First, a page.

"The evidence is growing that air pollution can affect the brain," says medical epidemiologist Heather Volk at USC's Keck School of Medicine. "We may be starting to realize the effects are broader than we realized."
"Based on our data, it looks like air pollution might be a risk factor for autism," Dr. Volk says. Still, there are so many possible genetic and environmental influences that "it is too soon for alarm," she says.
A post-mortem analysis of half a dozen autistic boys showed that their brains were heavier and contained many more neurons than counterparts without the disorder, US researchers said Tuesday.
The study, while small, suggests that brain overgrowth may be occurring in the womb, according to the findings published in the November 9 issue of the Journal of the American Medical Association.
From Cox Newspapers:
As scientists strive to find what's behind a spike in autism, especially in boys, a new study has raised the possibility that antidepressants taken by their mothers may be a culprit, a finding that has set off concern for women and their doctors.
Rodents exposed to the antidepressant Celexa displayed autismlike changes in their brain structure and their pups' behavior, especially the males, according to the study, published last month in Proceedings of the National Academies of Sciences.
Celexa is a commonly prescribed antidepressant in a class that includes Lexapro, Zoloft and Prozac.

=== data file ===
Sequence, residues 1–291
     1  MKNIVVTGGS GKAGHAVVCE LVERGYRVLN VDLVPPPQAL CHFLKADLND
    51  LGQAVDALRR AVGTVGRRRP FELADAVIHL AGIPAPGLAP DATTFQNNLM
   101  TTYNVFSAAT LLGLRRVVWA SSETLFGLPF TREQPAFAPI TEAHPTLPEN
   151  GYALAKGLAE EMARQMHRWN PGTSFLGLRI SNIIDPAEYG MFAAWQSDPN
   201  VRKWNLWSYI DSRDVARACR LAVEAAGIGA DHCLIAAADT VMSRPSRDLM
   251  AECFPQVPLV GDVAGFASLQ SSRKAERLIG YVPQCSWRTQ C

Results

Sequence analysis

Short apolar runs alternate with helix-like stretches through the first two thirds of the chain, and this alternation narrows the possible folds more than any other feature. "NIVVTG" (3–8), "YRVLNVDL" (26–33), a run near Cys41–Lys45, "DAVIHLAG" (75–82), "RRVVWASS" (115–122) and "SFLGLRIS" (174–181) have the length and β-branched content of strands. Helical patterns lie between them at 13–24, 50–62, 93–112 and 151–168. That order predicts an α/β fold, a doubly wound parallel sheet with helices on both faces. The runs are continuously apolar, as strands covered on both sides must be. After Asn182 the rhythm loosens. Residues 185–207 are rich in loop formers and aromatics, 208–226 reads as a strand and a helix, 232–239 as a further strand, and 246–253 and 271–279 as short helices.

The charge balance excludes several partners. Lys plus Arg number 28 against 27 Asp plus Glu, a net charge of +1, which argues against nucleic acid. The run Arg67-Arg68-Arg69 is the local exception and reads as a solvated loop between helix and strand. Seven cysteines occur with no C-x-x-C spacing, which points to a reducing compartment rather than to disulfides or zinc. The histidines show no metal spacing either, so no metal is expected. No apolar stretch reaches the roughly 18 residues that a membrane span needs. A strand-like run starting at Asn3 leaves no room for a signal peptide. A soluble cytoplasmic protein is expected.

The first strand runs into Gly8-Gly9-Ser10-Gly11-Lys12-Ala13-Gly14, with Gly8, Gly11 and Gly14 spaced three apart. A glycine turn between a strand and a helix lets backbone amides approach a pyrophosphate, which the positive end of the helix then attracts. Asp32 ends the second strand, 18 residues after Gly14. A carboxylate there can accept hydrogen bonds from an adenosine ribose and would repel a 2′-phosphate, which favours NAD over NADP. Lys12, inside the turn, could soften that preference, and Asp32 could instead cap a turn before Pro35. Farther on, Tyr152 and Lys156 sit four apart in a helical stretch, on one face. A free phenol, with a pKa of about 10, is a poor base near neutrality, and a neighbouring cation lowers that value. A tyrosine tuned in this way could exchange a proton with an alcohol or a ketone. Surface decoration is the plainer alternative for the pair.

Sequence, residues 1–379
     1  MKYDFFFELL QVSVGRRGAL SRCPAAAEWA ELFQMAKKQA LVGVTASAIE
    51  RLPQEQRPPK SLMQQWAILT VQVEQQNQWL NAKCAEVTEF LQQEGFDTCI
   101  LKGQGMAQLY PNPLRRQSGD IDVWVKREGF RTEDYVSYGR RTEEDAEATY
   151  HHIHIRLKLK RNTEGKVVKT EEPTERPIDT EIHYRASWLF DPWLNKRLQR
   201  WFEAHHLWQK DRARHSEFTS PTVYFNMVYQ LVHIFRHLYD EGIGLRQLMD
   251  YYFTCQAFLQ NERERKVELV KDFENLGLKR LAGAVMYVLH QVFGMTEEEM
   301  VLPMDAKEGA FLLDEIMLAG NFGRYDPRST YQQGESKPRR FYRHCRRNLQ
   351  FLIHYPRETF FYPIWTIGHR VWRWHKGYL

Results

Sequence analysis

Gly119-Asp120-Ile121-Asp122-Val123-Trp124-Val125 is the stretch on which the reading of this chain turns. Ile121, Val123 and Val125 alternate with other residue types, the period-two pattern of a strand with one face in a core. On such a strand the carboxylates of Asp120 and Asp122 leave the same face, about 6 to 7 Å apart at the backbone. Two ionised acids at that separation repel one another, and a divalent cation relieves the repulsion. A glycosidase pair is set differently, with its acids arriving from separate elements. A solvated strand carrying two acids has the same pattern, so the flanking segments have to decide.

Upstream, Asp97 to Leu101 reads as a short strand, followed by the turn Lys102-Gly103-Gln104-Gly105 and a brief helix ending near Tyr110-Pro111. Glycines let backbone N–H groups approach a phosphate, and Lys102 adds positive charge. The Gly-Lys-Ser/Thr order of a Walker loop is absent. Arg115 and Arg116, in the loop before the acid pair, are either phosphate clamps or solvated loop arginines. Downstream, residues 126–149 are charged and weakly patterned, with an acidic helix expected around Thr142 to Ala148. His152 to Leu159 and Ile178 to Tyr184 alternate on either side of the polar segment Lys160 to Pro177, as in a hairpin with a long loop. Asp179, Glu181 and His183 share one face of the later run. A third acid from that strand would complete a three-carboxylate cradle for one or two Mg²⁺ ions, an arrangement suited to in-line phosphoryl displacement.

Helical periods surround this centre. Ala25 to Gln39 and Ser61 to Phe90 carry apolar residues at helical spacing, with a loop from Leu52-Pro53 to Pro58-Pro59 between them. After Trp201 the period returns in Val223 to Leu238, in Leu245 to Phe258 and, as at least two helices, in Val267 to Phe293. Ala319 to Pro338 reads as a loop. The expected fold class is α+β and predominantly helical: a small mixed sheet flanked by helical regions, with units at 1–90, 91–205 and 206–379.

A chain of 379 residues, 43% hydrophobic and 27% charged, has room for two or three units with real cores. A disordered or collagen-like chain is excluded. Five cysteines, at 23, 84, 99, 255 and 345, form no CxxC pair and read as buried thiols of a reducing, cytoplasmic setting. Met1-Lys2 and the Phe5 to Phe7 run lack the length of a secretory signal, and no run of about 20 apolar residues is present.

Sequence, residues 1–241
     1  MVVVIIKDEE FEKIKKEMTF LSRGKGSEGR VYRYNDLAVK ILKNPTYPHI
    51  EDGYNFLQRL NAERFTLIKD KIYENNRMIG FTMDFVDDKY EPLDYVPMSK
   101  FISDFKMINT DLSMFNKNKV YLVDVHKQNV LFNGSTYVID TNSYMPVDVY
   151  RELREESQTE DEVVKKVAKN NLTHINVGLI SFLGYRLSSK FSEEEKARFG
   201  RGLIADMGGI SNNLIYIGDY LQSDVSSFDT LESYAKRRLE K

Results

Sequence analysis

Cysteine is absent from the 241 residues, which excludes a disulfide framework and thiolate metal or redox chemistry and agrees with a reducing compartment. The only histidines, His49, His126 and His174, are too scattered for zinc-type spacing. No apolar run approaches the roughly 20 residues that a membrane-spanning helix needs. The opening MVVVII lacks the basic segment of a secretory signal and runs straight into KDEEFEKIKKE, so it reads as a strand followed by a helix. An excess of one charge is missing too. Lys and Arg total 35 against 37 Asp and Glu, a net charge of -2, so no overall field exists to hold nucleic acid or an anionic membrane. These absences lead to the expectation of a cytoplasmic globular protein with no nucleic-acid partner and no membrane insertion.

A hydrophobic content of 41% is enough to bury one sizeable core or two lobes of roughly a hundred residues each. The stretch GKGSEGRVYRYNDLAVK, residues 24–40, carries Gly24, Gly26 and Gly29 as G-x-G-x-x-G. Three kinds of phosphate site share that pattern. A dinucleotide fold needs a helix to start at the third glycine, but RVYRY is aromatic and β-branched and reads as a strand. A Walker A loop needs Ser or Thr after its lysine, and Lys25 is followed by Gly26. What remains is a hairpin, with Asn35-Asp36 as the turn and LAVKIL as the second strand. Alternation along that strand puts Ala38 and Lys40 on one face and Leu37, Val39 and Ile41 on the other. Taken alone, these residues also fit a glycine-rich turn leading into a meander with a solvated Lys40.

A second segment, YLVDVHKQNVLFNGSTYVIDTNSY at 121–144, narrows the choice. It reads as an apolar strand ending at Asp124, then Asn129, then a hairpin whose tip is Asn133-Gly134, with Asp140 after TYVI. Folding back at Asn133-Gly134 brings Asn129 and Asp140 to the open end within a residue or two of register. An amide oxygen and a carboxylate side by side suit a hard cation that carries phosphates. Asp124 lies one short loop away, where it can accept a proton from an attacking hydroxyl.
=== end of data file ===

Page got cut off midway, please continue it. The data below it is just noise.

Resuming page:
Another study, published in July in Archives of General Psychiatry, found that autistic children were twice as likely as other children to have been exposed to antidepressants before birth. First-trimester exposure created nearly four times the risk.
From The Washington Post:
THE QUESTION Might the tiniest of newborns face a bigger chance of developing autism?
THIS STUDY involved 623 children who were born in the mid-1980s weighing 4.4 pounds or less. Their health was assessed periodically, including screening for autism spectrum disorders at age 16 and evaluations to confirm the diagnosis, using standardized measures, at age 21. Overall, 5 percent of the youths had autism spectrum disorder diagnoses, a rate described as five times that found in the general U.S. population. The lower the birth weight, the higher the likelihood of an autism diagnosis, with a 10.6 percent prevalence among those who weighed 3.3 pounds at birth and a 3.7 percent prevalence at 4.4 pounds.